Lake Liepāja

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Lake Liepāja (Latvian: Liepājas ezers, formerly Lake Libava,[1][2] Latvian: Libavas ezers[citation needed]) is the fifth-largest lake in Latvia, located near Liepāja in the Liepāja District. The total area of the lake is 37.15 km2, and it has a length of 16.2 km, average depth of 2.0 m, and a shoreline of 44.6 km.[3]

Lake Liepāja
Liepaja Lake.jpg
Location of Lake Liepāja in Latvia
Location of Lake Liepāja in Latvia
Lake Liepāja
Coordinates56°29′N 21°03′E / 56.483°N 21.050°E / 56.483; 21.050Coordinates: 56°29′N 21°03′E / 56.483°N 21.050°E / 56.483; 21.050
Lake typenatural lake
Primary inflowsBārta, Ālande, Otaņķe
Basin countriesLatvia
Max. length16.2 km (10.1 mi)
Surface area37.15 km2 (14.34 sq mi)
Average depth2.0 m (6.6 ft)
Max. depth3.0 m (9.8 ft)
Shore length144.6 km (27.7 mi)
Surface elevation0–2 m (0.0–6.6 ft)
1 Shore length is not a well-defined measure.

Lake Liepāja is a pod-shaped shallow eutrophic coastal lake with extensive areas of emergent vegetation (Phragmites, Typha, Scirpus, Sparganium), surrounded by seasonally flooded meadows and arable land. Polders and dams enclose most of the wetland area. The lake has 14 species of fish: pike, roach, perch, bream, crucian carp, tench, eel, vimba, burbot, carp, zander, smelt, bitterling, and rudd. In May only licensed fishing is allowed. The price of a licence is 10 LVL (about $20). From 1977 to 1999 the lake was an ornithological preserve with 2 species of birds: swans and ducks. Since 2004 the lake has been included on the European Union Natura 2000 protected territories list. In 2008, a nature protection plan for Lake Liepāja was developed by the Grontmij Carl Bro company.[4]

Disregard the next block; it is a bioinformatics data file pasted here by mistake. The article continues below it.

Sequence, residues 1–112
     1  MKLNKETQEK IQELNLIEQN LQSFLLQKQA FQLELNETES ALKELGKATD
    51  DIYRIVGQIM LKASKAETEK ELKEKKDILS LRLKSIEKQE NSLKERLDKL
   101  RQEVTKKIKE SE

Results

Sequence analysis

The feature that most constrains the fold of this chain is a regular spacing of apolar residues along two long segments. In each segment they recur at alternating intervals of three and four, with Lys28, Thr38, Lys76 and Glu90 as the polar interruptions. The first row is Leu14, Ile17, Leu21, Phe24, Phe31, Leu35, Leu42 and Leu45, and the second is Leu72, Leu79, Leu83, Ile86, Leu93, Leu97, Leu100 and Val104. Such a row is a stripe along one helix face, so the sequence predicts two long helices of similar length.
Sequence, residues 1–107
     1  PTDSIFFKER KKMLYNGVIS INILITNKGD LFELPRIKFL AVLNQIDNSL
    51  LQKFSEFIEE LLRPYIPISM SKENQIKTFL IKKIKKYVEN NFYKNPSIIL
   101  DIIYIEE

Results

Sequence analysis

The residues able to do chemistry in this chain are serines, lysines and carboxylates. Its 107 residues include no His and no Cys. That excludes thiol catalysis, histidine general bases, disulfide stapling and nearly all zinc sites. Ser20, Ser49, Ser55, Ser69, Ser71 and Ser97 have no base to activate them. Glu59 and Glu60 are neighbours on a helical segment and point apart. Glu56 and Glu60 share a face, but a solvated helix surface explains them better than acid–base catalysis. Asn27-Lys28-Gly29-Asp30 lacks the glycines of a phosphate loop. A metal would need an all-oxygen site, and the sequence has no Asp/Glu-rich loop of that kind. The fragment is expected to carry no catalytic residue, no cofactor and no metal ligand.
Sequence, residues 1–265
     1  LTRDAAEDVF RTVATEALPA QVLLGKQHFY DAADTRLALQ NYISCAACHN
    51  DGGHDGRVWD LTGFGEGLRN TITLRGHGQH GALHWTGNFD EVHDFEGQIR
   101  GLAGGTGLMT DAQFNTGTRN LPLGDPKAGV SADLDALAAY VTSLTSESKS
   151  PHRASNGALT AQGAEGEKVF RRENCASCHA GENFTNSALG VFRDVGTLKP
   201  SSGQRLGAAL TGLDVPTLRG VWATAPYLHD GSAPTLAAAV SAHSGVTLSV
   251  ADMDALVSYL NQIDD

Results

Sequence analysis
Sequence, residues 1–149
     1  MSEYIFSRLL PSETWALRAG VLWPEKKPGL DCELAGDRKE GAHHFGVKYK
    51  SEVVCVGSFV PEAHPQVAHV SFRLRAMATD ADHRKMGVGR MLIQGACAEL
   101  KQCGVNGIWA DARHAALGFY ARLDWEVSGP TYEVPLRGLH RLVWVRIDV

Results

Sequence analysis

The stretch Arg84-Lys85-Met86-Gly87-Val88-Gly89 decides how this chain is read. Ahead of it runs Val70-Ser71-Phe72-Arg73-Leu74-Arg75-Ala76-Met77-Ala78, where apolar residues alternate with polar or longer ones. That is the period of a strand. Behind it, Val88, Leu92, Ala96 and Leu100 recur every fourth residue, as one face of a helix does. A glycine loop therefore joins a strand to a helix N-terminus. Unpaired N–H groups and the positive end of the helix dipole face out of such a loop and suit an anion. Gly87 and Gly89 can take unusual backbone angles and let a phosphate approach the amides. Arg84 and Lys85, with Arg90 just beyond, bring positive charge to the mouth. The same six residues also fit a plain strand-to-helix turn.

Lake Liepāja has 13 islands, the most notable of which are Atteku(-as), Zirgu, Pērkona, Putnu (kalva) and Cionas.[5] On the east shore of the lake is the Friča grove, and on the west shore near Pērkone is the Reiņu Forest (Latvian: Reiņu mežs).


Historically, Lake Liepāja was connected with Lake Tosmare by Vernen Creek, but in the 20th century the creek was filled in. Later in the 20th century the Fortress Canal (Latvian: Cietokšņa kanāls, Melnupīte, Russian: Чёрная речка), which connects the lake to the Lake Tosmare and the sea, was dug. In the second half of the 20th century, the plant Liepājas Metalurgs built the Golodov Dam to separate the polluted part of the lake from the rest of the lake.


The Ālande, Bārta, Otaņķe (Brūnupe), Līčupe, Orbupe, and Dorupe rivers flow into the lake.


  1. ^ Barnard, Jerry Laurens (1971). Keys to the Hawaiian Marine Gammaridea, 0-30 Meters. Washington, DC: Smithsonian Institution Press.
  2. ^ Lev Semenovich, Berg (1964). Freshwater Fishes of the U.S.S.R. and Adjacent Countries. Israel Program for Scientific Translations: Jerusalem. p. 155.
  3. ^ "Liepājas ezers" (in Latvian)
  4. ^ Liepāja official site[permanent dead link] (in Latvian)
  5. ^ Kurzemes Vārds, 22 September 1937[permanent dead link]